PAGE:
How many points do you need to determine a unique plane?
a plane is any plane surface it usually have 3 or 4 points
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You need only three points provided they are not collinear. And most planes have infinitely many points although there are geometries with only a finite number of points.
a line has to have at least 2 points. a plane has to have at least 3 points. ______________ It takes two points to define a unique line in Euclidean space. But every line and every line segment contains infinitely many points. The same is true for planes in Euclidean space. You need at least 3 points to define a unique plane, but every plane containes infinitely many points and infinitely many lines or line…
If you were to have 3 points on the same line, then you would actually not be determining a plane, because there are infinitely many planes that can intersect a given line. But if you have 3 points in the form of the points (or vertices) of a triangle, then you determine a plane in the sense that there is only one possible plane upon which that triangle can be drawn (not including a degenerate…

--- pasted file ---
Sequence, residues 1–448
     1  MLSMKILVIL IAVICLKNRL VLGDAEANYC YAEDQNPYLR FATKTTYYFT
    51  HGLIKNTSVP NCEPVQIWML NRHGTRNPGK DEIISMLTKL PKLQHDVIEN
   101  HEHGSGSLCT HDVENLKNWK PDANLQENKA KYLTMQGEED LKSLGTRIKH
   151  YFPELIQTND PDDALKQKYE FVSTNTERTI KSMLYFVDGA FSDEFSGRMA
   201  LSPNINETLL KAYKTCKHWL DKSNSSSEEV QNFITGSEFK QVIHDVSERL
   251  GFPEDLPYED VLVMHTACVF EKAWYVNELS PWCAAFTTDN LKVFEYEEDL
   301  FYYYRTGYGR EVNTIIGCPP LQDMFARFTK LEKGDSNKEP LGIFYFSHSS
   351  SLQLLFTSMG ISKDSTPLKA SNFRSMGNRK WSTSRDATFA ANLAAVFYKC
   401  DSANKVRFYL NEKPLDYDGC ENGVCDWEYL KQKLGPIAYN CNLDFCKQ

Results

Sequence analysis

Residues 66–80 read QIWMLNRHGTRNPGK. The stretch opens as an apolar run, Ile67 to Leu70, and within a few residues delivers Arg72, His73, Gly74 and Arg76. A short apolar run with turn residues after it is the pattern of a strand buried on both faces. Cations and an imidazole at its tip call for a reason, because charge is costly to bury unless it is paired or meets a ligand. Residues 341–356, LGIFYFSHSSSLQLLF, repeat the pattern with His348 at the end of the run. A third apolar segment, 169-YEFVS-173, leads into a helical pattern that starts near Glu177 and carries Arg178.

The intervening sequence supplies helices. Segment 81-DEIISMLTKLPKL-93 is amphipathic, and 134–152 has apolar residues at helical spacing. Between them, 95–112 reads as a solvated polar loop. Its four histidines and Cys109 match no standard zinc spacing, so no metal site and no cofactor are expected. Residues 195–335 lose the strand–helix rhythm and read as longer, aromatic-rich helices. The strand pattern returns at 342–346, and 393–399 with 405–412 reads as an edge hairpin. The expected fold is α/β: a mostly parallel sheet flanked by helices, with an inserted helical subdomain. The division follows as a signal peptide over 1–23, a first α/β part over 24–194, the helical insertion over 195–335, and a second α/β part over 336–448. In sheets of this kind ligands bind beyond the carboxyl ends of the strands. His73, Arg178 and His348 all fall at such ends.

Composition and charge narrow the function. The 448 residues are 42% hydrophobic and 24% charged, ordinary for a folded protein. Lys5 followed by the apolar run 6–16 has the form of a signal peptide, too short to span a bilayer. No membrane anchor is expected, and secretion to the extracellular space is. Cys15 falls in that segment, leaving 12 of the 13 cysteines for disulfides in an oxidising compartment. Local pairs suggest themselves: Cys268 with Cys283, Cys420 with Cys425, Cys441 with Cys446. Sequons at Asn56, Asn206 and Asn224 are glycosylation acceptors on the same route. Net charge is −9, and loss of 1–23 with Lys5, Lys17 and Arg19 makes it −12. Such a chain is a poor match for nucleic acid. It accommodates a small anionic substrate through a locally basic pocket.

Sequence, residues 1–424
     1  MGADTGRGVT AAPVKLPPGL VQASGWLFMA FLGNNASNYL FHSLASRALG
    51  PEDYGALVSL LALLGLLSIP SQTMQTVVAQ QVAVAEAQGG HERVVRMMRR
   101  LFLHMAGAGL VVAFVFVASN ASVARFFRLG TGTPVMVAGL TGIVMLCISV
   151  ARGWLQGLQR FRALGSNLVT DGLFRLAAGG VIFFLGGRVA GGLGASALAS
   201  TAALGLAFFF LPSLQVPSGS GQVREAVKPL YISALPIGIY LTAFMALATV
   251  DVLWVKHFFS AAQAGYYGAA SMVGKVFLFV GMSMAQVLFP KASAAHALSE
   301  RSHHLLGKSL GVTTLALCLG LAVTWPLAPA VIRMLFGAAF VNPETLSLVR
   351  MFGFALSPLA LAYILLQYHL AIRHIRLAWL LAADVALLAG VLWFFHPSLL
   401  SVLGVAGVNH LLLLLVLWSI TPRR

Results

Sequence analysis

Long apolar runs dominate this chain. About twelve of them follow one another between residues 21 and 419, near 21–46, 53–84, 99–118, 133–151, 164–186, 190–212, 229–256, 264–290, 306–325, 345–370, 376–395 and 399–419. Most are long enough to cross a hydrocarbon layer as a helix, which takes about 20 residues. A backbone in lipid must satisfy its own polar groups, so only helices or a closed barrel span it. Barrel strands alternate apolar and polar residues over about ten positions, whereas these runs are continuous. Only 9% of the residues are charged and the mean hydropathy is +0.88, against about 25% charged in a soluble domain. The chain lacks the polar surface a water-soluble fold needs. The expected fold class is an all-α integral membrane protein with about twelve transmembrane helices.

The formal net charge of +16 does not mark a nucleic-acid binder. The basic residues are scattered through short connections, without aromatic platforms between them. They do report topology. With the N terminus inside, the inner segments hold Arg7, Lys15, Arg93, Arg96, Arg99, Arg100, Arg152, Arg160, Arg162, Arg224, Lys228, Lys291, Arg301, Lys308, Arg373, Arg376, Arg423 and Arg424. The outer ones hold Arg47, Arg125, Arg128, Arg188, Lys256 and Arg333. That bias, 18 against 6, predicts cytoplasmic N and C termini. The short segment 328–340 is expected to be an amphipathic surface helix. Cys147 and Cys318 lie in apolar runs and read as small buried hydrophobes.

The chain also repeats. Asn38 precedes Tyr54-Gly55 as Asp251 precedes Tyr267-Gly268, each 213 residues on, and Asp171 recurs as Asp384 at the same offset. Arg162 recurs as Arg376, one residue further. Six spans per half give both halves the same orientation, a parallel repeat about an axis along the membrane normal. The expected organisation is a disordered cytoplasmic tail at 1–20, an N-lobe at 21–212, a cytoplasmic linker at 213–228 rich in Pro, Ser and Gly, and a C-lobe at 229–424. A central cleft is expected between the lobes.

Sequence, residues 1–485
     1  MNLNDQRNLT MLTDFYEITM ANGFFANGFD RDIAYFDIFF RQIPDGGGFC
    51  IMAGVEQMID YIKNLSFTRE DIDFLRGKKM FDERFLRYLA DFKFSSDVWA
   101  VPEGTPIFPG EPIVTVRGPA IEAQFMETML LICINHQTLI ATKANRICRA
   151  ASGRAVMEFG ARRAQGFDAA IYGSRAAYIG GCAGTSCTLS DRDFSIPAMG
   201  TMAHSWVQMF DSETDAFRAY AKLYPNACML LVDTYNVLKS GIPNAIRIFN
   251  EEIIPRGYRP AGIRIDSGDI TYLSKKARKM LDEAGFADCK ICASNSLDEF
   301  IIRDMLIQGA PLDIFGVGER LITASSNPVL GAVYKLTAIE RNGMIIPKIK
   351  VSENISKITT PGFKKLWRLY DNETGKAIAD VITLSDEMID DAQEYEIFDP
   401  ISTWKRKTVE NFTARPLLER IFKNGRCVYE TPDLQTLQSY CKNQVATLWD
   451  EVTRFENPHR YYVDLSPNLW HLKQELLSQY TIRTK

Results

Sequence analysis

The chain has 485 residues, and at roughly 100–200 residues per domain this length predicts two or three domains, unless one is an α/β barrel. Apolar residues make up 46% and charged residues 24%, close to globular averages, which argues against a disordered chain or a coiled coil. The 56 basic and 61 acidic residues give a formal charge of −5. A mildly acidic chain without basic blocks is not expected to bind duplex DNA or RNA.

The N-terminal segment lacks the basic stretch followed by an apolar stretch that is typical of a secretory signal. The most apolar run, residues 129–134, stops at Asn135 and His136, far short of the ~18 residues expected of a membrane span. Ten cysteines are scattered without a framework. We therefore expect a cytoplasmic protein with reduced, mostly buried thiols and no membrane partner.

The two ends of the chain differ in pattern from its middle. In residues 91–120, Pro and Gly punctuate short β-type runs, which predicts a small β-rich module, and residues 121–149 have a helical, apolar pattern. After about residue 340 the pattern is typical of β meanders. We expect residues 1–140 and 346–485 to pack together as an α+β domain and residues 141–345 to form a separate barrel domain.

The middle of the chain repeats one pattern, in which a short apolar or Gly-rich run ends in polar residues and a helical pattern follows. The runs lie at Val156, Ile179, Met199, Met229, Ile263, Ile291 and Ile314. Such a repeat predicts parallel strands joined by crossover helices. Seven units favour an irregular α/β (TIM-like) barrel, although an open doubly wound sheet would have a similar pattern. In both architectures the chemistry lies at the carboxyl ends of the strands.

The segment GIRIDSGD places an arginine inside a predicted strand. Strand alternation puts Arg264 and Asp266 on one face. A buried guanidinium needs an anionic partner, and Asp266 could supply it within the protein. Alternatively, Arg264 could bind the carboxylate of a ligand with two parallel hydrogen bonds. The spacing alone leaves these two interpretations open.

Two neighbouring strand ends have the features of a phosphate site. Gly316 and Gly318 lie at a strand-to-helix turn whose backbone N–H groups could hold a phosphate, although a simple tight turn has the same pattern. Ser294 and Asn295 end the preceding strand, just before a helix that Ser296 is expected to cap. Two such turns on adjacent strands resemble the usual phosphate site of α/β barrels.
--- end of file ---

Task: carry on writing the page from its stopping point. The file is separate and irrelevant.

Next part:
Any 3 geometric points, as long as they are all in different locations and not superimposed on each other, will define a plane. In other words, there is only one plane that can pass through 3 distinct points. If you had only two points, it would define a line, but not a plane. A plane can include 2 points but if there are only 2 that are specified, the plane can rotate around those 2…
A minimum of three points are required to define a plne (if they are not collinear). And in projective geometry you can have a plane with only 3 points. Boring, but true. In normal circumstances, a plane will have infinitely many points. Not only that, there are infinitely many in the tiniest portion of the plane.
In classical or Euclidean plane geometry two points defines exactly one line. On a sphere two points can define infinitely many lines only one of which will represent the shortest distance between the points. On other curved surfaces, or in non-Euclidean geometries, the number of lines determined by two points can vary. Even in the Euclidean plane, two points determine infinitely many lines that are not straight!
There are no planes containing any number of given points. Two points not the same define a line. Three points not in a line define a plane. For four or more points to lie in the same plane, three can be arbitrary but not on the same line, but the fourth (and so on) points must lie in that same plane.